I recently read a report prepared by an archaeologist from the Israeli Antiquities Authority which stated that Nazareth could not have been occupied during the Herodian Period (the time of the birth of Jesus Christ) because no ruins or other archaeological evidence from that period had been found in or around Nazareth. He did state that evidence of both earlier and later periods had been found, but that Herodian artifacts were completely absent.  Is there archaeological evidence to support its’ occupation during the time of Christ’s birth? Thank you for your time and consideration.


This attempted criticism of biblical reliability has been making the rounds quite a bit lately. Perhaps this is partly because of the time of year. It is surprising how often this argument is used given the fact that it is a spectacularly weak argument for a number of reasons.

1. First of all, it is simply not true.

2. Second of all, even if it were true (that there is no hard physical evidence of Nazareth from the first half of the first century), it would still be an extremely weak argument.

3. Third, it requires an assumption which is so far fetched as to make the argument verge on ludicrous.

1. Let me begin with the first point. The fact is that there is plenty of evidence that there was Jewish occupation of the Galilean location known as Nazareth in the first century. The criticism above is based on rather old archaeological evidence which is now outdated. Recently, an arab merchant discovered the remains of a Roman bath house on the site of Nazareth from the first century AD. See for more on this recent discovery.    A quote from a prominent archaeologist on the most recent evidence is as follows: Professor Carsten Peter Thiede, a scholar in archeology and religion who spent 20 years excavating the area of Qumran and the Dead Sea with the Antiquities Authority, describes the place in his most recent book "The Cosmopolitan World of Jesus" (2005), in which he analyses the historical implications of the discovery of the bath house. Prof Thiede says in his book: “Returning to the discovery of the Roman baths in Nazareth, we realize that such an installation, should it really turn out to be Roman and to have been available to non-Roman inhabitants like Mary, Joseph and Jesus, would merely underline what we could have gathered from the sources anyway. The only real surprise to many may be the conclusion that Nazareth was anything but a nondescript village with a handful of poor Jews.”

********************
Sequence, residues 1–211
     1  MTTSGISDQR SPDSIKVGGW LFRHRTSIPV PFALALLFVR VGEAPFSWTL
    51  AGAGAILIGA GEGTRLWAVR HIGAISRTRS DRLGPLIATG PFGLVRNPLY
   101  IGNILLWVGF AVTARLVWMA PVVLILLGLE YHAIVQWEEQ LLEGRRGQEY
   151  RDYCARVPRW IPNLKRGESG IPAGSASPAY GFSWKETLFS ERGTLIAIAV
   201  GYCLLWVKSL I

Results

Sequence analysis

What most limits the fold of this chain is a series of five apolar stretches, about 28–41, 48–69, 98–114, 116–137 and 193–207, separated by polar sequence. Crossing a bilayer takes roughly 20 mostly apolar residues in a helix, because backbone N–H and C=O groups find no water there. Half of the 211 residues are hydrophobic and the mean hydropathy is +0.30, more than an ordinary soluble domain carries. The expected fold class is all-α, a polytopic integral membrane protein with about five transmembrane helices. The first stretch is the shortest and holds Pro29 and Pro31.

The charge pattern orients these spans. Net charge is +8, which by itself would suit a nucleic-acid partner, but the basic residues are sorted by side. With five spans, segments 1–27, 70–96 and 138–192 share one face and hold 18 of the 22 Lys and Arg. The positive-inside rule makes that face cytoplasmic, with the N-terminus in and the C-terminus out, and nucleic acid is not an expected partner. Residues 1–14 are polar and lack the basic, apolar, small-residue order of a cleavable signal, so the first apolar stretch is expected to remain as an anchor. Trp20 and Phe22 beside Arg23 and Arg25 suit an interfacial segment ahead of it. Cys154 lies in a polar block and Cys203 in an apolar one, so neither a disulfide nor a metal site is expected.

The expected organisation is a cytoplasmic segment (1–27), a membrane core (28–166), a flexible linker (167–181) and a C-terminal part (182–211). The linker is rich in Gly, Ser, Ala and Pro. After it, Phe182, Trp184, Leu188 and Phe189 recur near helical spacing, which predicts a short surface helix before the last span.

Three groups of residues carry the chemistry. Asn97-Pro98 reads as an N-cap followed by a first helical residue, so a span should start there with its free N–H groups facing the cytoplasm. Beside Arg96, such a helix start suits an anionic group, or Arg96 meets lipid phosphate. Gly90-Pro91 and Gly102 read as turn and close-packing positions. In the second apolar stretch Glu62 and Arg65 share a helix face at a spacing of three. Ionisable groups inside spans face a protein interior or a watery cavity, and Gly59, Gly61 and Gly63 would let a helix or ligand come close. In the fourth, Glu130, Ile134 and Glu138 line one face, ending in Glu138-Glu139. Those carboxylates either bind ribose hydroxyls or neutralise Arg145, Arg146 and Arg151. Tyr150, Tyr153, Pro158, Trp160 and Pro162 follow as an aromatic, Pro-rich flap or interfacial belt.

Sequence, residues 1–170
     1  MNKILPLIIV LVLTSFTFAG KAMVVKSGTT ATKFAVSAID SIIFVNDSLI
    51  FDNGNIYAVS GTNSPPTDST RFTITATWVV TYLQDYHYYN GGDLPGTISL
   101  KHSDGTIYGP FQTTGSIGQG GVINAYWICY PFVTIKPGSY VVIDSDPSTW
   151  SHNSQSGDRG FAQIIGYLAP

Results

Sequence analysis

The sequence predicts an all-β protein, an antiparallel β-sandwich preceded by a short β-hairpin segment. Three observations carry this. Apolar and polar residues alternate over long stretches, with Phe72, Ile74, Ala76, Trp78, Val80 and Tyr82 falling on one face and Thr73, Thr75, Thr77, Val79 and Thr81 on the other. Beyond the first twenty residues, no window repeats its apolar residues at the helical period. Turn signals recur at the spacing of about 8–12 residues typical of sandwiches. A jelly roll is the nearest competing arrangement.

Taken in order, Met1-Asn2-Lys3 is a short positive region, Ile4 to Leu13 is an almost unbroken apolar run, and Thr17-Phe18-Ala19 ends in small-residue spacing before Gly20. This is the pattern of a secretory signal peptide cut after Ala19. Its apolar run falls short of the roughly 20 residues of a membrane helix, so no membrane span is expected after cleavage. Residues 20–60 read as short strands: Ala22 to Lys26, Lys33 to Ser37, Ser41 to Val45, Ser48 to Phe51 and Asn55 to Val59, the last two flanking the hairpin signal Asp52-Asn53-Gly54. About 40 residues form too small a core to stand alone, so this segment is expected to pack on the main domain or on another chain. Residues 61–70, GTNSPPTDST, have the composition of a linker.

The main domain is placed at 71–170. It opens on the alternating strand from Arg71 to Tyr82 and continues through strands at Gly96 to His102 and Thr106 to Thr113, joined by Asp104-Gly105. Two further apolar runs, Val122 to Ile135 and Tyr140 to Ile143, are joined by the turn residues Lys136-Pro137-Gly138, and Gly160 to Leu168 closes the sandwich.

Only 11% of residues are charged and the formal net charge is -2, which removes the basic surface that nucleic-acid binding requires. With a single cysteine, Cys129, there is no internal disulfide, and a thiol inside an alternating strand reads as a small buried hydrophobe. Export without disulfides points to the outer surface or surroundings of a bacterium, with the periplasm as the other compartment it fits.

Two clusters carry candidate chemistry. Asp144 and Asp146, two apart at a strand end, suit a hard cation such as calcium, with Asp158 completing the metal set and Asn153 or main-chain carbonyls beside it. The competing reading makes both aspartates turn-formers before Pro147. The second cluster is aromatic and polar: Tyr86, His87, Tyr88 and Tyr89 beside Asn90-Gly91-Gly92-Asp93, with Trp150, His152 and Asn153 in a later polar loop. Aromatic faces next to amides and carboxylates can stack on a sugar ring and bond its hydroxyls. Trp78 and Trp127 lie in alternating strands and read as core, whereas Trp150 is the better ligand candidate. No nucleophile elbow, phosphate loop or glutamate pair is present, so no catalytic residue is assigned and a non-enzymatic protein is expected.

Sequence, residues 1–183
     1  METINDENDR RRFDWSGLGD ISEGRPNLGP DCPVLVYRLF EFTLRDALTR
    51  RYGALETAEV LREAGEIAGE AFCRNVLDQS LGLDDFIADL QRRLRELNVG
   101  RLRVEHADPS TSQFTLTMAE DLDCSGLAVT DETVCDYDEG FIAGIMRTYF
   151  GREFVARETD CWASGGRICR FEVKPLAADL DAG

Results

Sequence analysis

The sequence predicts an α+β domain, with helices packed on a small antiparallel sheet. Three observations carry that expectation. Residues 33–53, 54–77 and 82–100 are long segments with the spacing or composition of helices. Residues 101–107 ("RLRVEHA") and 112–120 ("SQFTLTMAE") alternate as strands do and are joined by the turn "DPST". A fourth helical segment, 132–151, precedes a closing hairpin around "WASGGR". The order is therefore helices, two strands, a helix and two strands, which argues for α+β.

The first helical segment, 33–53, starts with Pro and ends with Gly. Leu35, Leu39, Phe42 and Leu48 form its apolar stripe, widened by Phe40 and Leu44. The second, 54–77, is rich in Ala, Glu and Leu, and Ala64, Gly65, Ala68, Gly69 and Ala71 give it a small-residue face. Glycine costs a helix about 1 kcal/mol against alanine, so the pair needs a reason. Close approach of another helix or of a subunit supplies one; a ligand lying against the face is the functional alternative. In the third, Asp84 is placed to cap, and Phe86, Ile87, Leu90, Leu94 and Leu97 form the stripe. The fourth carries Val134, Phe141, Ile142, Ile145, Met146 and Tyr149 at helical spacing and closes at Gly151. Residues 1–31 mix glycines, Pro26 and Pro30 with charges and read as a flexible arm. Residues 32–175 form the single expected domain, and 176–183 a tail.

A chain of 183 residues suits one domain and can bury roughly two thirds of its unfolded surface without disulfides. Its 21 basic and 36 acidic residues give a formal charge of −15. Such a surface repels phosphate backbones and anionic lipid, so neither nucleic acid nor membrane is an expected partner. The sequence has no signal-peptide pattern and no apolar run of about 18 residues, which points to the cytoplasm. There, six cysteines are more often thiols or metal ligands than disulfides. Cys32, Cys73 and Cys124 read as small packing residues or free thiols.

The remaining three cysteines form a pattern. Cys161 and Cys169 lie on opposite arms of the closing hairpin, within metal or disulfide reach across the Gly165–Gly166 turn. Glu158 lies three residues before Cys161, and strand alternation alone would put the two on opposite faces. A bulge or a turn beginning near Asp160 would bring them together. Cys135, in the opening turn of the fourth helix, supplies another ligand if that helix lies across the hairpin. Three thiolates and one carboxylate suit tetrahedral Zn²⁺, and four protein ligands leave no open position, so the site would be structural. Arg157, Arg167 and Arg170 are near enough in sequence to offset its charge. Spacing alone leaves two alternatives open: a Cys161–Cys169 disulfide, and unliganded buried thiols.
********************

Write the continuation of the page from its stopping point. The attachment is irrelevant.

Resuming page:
Besides, the remains of a first-century synagogue in Nazareth were also found recently.

There is plenty more evidence, both historical and archaeological that Nazareth was indeed occupied at the time of Jesus’ birth. At this point, it is reasonable to say that we can put to rest the claim that there is no evidence Nazareth was occupied in the second century.  It is simply not true!